Pick one up at your local east coast surf shop today.
By Allison Arteaga
Jay Alders’ artwork hardly needs any introduction. It’s instantly recognizable and almost universally appealing. But when ESM sat down to interview Alders, we realized that what’s even more impressive is his wisdom and good-hearted nature.
ESM: For anyone not familiar, how would you explain your work?
Jay Alders: I guess you could say that my art has some surrealistic elements to it. I like to stylize and warp reality a little bit to show passions of mine in a way that’s new for people. I like to paint things that can’t be photographed. I sort of create my own little world with it.
ESM: What are your primary tools?
I like to experiment with other mediums, but oil is my primary one. It’s just incredible to work with. It forces you to be patient because it dries very slowly. It makes me take my time and work my craft, giving me the opportunity to really explore the subject matter. A lot of chemistry knowledge goes into it, too. There’s a historic nobility to working with oil that I really love.
ESM: How do you feel like you’ve been inspired by the East Coast surf community?
JA: To me, surfing is an art in itself. It’s another tool for me to express myself. And it’s inspiring to see what Mother Nature creates: the shapes of the water, reflections, and the way the light interacts with the water. There are so many elements to it that are so artistic and beautiful. And surfing, in essence, creates lines and shapes and compositions on the wave. So I try to bring that to the easel when I paint.
I don’t like to be classified in general, so I’d rather just be looked at as an artist who likes to surf rather than a “surf artist.” Surfing is one of many things that I love to do; I paint and draw other things besides surfing. But a lot of my work is based around surfing and the ocean.
ESM: As a Garden State native, how did Hurricane Sandy affect you?
JA: I grew up a very short distance from the beach in New Jersey, and that was everything that I knew. But with the storm, a lot of the landmarks were wiped out, and family and friends lost their homes. It was really devastating to have that happen to the people and places that I love. I felt an immediate need to find a way to give back, but since I was at my new home in Florida, I wasn’t in a geographic location where I could just bust out a shovel and help people in that capacity. So I put a lot of my immediate efforts toward figuring out how I could use my skills and talents to make a difference.
My first step was to create awareness. I did TV interviews down here in Florida, and my wife and I got some drop-off and pick-up locations for relief supplies organized. Once the dust settled a little bit, I got working on a design that we put onto hoodies and T-shirts to sell as a fundraiser, and we have been donating 100% of all of those profits (more than $14,000 so far) to RebuildRecover, which is an organization dedicated to recovery efforts in the tri-state area.
ESM: Sounds like the marketing sense that sets you apart from other artists really came in handy with relief efforts. Where did it come from?
JA: My parents ran their own business, so I had that paradigm of seeing what it was like to hustle, work, and bust your butt to make things happen. It got sort of ingrained in me. My parents never made me feel like being a professional artist was a weird pathway toward making a living. They just always told me that, if you’re going to do art, then make sure you can make a living as a businessman also, promoting and selling yourself. And if you believe in what you do, the sales and the business part sort of falls into place.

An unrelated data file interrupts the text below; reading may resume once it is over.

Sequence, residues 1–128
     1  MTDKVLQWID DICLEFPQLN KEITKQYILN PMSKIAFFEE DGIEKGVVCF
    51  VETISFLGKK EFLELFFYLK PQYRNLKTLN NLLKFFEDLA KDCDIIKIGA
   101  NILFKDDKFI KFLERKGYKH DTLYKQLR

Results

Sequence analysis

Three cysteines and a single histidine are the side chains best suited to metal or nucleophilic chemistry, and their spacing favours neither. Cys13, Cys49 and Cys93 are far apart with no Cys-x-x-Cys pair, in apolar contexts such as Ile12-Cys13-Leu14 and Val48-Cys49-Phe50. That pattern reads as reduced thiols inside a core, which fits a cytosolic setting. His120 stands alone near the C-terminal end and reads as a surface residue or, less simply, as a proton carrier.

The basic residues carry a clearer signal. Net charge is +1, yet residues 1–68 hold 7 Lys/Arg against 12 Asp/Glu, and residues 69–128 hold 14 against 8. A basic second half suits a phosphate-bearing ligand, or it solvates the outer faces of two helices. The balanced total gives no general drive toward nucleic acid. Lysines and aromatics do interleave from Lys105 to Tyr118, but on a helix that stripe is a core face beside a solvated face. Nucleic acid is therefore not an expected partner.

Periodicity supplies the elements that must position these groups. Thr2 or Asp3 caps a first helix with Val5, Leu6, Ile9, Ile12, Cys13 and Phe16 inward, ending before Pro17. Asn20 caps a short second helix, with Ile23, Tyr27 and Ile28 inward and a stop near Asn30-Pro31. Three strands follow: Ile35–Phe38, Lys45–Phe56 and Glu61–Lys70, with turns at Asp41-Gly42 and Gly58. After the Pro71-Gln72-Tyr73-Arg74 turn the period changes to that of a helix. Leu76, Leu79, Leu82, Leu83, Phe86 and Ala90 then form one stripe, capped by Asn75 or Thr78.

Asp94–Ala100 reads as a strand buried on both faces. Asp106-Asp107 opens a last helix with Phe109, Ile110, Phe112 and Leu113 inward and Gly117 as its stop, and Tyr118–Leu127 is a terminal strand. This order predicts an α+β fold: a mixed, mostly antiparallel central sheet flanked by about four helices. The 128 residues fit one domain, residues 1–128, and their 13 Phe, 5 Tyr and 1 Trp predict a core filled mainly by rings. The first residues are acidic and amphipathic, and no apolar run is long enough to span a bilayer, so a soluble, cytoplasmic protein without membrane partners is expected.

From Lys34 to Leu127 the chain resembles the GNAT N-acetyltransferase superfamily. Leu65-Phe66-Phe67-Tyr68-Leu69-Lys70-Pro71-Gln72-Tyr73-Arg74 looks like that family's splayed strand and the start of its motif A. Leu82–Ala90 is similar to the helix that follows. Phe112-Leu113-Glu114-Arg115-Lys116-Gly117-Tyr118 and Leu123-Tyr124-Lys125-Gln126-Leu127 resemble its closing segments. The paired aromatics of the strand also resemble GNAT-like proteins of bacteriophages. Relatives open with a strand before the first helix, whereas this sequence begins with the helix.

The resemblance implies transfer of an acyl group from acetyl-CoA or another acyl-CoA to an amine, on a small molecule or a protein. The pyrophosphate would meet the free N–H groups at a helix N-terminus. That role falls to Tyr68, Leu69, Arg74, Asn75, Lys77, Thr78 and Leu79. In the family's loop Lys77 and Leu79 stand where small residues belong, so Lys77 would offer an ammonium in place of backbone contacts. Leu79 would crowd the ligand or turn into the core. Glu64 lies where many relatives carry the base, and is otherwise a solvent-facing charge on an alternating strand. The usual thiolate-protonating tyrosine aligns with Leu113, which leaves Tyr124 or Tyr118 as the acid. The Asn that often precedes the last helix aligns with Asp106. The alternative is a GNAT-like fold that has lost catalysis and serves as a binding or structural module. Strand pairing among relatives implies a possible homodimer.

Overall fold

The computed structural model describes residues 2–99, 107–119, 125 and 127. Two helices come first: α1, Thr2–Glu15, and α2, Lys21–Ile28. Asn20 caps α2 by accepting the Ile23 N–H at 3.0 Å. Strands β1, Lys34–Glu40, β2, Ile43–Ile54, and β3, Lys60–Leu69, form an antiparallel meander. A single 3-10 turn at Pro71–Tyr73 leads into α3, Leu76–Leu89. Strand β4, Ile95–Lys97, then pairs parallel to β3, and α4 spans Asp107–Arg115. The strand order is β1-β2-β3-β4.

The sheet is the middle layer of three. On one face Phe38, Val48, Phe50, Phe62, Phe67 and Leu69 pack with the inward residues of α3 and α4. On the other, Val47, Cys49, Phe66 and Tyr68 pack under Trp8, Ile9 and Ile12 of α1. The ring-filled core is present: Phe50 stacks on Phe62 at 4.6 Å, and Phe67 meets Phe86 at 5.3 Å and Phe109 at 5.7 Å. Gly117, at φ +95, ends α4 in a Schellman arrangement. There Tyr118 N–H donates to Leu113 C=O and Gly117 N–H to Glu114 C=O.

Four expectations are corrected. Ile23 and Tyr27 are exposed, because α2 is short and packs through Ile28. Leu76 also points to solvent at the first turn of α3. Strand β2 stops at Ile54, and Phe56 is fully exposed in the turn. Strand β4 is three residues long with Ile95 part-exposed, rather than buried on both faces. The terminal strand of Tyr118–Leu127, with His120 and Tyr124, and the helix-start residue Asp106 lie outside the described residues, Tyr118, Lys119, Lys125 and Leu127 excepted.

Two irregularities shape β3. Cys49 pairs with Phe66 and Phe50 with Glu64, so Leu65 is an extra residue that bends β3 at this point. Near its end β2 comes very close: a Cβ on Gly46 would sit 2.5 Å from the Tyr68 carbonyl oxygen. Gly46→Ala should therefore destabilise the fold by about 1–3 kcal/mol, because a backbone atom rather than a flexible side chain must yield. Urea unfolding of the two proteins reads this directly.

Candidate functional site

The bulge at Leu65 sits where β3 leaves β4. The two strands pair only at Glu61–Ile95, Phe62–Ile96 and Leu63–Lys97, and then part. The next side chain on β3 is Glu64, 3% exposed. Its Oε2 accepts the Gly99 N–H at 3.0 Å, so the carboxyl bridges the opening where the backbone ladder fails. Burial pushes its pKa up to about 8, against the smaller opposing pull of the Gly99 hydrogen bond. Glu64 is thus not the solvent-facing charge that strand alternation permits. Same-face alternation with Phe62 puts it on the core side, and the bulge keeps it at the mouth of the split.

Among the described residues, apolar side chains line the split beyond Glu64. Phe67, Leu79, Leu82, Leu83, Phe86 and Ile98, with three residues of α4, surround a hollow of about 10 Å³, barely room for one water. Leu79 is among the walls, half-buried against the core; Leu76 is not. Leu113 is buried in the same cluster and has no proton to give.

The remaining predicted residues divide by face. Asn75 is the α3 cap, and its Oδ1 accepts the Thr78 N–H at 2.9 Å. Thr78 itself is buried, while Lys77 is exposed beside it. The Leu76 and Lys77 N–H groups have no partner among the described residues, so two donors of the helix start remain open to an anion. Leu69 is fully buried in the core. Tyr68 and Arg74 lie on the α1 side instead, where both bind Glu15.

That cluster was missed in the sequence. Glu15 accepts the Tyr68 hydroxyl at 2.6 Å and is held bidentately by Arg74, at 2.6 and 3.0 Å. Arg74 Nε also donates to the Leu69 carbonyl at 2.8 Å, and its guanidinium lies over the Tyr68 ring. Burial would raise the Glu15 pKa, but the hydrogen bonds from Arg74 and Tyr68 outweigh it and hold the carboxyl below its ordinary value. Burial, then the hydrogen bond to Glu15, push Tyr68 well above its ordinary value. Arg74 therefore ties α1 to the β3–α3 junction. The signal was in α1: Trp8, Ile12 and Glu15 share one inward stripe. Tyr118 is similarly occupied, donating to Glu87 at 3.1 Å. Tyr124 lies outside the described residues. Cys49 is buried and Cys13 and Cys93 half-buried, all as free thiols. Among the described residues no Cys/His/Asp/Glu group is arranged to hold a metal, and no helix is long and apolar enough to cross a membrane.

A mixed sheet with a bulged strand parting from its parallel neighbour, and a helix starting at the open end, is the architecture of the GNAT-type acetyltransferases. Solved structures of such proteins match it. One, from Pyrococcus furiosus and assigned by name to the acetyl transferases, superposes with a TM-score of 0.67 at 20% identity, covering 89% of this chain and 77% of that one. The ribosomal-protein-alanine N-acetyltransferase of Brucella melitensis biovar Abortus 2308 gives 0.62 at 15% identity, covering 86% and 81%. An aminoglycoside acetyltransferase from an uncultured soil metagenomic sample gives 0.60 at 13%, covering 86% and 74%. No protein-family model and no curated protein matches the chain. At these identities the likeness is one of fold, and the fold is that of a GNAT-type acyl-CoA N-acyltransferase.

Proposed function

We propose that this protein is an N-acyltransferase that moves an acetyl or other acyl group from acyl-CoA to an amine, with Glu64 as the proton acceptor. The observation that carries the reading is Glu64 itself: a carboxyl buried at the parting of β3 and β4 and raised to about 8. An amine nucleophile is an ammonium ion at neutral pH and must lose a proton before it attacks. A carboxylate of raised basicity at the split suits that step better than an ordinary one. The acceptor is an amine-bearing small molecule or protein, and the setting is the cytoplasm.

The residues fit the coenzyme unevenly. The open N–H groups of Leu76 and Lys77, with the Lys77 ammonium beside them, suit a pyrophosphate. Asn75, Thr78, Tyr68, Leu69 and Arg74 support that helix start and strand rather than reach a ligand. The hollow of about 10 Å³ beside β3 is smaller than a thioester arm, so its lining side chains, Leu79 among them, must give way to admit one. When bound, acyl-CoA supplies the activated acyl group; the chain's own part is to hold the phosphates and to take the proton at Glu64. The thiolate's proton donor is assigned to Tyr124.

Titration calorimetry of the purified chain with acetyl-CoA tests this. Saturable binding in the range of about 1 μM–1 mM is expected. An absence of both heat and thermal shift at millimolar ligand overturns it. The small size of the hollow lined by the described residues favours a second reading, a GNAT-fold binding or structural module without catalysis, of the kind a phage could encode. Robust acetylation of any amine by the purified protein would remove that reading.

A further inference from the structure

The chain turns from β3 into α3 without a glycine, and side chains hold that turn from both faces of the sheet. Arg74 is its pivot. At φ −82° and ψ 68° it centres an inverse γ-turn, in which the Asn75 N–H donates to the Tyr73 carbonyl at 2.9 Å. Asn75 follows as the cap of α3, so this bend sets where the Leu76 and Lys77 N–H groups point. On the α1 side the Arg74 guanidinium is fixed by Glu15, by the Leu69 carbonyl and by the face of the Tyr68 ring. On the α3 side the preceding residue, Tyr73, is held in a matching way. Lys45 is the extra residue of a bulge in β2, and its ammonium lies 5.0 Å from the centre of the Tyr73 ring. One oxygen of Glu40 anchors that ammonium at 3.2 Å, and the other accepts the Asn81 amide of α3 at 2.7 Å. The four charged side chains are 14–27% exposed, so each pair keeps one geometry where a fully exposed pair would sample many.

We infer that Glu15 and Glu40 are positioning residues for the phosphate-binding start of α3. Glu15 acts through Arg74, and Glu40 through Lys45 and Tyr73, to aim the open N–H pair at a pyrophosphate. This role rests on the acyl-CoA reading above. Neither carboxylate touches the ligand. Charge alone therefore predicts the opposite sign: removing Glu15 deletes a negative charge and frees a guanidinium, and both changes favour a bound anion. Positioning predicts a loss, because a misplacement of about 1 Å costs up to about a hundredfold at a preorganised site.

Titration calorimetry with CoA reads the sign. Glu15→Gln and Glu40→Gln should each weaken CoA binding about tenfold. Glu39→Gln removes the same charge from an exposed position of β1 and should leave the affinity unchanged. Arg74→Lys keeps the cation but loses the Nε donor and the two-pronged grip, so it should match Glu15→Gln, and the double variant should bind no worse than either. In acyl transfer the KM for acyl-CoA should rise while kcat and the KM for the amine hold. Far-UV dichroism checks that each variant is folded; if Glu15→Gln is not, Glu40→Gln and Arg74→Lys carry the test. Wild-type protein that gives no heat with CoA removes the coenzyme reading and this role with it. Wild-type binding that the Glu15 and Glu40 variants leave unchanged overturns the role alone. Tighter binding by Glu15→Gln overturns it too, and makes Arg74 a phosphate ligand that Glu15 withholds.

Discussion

ESM: What’s the most difficult part of being a professional artist?
JA: People who create, whether it’s for a hobby or for a living, understand the frustrations of being your own worst critic. That’s one of the hardest things: getting past your inner critic and always trying to improve. Art is one of those areas of my life where it’s very important for me to always expand and evolve. I also have to balance out the business part of my brain that has to make a living from what I do with the part of me that does it for pure artistic reasons.
ESM: Could you explain what goes into creating each of your paintings?
JA: When I’m doing an oil piece, I work on a wood panel, so before I start the painting process, I have to make or get a panel that’s appropriate for the sketch I have in mind. And I’ve usually spent several days refining that sketch, because I like to organize my thoughts and work through all of the problems of the piece before it even gets to the wood panel.
Once I’m ready, I sketch the piece on the panel. Then I’ll sometimes spend months layering oil paints one on top of another or blending and adding highlights. I like to play with light in my pieces and kind of fool the eye into feeling a sense of energy and aliveness. I also really enjoy subliminal elements that a casual glance might not show. I like having a lot of different levels of depth to my pieces.
ESM: Despite how much work it is, what’s exciting for you about stepping into your studio each day?
JA: Everything. I love it. It’s my sanctuary. It’s my safe place. It’s my man cave. It’s where I come to escape some of the realities of the world and create new ones on my easel. It’s a place were I can be unfiltered and let the creativity of the universe flow through me.
I have the ability to do something that I absolutely love, and always have loved, for a living. My parents tell me that even as a toddler, I was always drawing on everything I could find. As I grew up, I had that talent nurtured by my family and just really took to it as a way to communicate my feelings and express how I saw the world. Art has been my job for as long as I can remember, and that in itself is surreal. Every day I wake up and am just super grateful to be able to do something that I love for a living.